JUAN GONZÁLEZ: And you’re saying—you mentioned that it was Senator John McCain who was the one who slipped it into the authorization bill. Do you have any sense whether the other senators were even aware that it was there?

WENDSLER NOSIE SR.: Well, you know, it’s been an issue. And so, again, going back to Congress, you look at the 13 attempts that they made. So during that process, there was a lot of education to Congress across this country, because federal land, everyone has a say on federal land. And so, because there was no transparency, it didn’t pass. But now, when they slipped it in, you know, the way Congress operates, not allowing amendments, not allowing arguments, you know, so that’s how it got passed, and holding other congressional people on their bills not to be passed. So, Senator McCain played a very big impact on that.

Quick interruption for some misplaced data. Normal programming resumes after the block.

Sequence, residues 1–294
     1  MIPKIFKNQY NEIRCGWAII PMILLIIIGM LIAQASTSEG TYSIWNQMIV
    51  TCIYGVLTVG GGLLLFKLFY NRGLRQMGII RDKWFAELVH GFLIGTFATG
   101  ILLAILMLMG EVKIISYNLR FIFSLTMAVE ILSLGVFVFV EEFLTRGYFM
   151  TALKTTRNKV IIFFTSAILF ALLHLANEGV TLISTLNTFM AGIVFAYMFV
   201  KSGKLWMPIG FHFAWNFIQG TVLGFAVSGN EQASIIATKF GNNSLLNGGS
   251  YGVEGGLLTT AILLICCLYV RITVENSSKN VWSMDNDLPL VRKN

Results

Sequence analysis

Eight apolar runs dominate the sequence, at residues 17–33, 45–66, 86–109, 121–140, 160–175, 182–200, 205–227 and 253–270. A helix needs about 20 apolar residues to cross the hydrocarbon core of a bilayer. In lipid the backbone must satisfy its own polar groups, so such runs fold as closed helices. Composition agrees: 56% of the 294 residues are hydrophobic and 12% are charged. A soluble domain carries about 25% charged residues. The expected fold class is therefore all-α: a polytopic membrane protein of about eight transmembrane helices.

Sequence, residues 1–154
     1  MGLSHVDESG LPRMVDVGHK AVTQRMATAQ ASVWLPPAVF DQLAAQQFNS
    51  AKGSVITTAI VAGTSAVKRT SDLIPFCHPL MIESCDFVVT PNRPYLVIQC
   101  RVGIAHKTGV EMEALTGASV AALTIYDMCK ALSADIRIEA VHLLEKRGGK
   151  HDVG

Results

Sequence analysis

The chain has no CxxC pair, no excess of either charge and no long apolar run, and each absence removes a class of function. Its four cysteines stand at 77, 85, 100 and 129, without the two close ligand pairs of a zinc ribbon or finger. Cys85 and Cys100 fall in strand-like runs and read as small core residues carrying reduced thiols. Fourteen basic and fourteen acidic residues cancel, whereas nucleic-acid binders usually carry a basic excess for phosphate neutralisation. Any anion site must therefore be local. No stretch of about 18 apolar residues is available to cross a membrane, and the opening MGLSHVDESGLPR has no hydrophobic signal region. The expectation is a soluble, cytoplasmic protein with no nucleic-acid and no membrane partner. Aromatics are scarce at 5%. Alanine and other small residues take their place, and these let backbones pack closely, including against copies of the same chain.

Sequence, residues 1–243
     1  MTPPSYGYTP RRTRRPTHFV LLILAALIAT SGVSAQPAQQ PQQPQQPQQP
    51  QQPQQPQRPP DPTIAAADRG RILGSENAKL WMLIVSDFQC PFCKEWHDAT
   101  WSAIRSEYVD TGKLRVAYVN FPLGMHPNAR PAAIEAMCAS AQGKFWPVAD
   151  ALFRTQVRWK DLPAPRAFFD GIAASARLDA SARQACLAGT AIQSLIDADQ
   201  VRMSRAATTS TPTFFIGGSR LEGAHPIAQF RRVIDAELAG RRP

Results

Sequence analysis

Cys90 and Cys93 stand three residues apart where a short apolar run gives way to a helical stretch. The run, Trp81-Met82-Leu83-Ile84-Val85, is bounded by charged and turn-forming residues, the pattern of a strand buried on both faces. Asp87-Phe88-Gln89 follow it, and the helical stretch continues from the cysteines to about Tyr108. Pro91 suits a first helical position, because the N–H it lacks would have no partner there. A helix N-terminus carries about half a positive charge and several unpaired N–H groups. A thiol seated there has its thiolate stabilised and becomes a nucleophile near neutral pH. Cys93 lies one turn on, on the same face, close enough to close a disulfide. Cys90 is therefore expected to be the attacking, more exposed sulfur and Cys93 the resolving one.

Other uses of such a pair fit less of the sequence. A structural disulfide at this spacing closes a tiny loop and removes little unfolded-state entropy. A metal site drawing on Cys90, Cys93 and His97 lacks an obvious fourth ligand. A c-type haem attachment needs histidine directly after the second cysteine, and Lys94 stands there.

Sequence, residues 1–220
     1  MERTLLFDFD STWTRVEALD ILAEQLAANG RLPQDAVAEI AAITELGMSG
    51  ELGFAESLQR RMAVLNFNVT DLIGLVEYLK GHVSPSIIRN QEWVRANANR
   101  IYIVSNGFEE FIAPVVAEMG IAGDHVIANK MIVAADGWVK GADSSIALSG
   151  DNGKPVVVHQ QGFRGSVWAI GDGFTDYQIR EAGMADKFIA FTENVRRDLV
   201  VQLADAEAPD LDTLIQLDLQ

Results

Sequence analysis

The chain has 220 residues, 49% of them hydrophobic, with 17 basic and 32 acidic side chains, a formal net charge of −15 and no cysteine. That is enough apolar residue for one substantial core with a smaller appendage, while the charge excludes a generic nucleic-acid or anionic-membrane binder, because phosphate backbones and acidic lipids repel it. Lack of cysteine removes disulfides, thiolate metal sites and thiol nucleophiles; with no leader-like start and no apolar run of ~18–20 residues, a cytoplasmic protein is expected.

AMY GOODMAN: Let’s step back for a moment. Explain exactly what and where the Apache Stronghold—well, your group operates, but also the land mass that we’re talking about.

WENDSLER NOSIE SR.: Well, the land mass is—I guess the example I give, it’s no different than Mount Sinai in what it meant to the Apache people. So when we were forced off and forced onto a reservation, it disconnected us. But if people can understand the way the federal government works and the laws that they had on Indian people, you know, we’re finally able to come back. And we’re the Apache Stronghold. Yes, we say “occupy,” but actually we’re coming home, because that is our indigenous home, where we had resided since the beginning of time, before we were forced off.

AMY GOODMAN: Where is Oak Flat?

WENDSLER NOSIE SR.: Oak Flat sits—well, it’s an original territory of the Apaches. The way a bird flies and the way the reservation ends, it’s about 11 miles.

AMY GOODMAN: Where, though?

WENDSLER NOSIE SR.: Southeastern Arizona.

JUAN GONZÁLEZ: And, Naelyn Pike, for a young person like yourself, what does this struggle and this issue mean?